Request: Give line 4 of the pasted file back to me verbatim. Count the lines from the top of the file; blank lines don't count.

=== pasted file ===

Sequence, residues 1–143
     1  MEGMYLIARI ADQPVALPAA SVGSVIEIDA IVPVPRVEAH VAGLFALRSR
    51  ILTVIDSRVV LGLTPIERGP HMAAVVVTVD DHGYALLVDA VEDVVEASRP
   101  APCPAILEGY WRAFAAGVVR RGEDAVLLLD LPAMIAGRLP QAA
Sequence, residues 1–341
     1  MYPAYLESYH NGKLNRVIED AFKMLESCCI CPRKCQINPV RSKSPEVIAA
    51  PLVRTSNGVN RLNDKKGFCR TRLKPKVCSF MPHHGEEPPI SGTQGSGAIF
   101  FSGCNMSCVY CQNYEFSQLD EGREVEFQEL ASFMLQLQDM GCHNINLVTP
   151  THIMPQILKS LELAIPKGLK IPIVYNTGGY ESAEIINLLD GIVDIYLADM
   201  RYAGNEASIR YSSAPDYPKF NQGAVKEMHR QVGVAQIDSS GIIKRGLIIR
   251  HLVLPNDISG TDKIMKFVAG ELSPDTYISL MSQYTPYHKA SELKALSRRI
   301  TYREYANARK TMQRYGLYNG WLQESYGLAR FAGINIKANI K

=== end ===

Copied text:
   101  APCPAILEGY WRAFAAGVVR RGEDAVLLLD LPAMIAGRLP QAA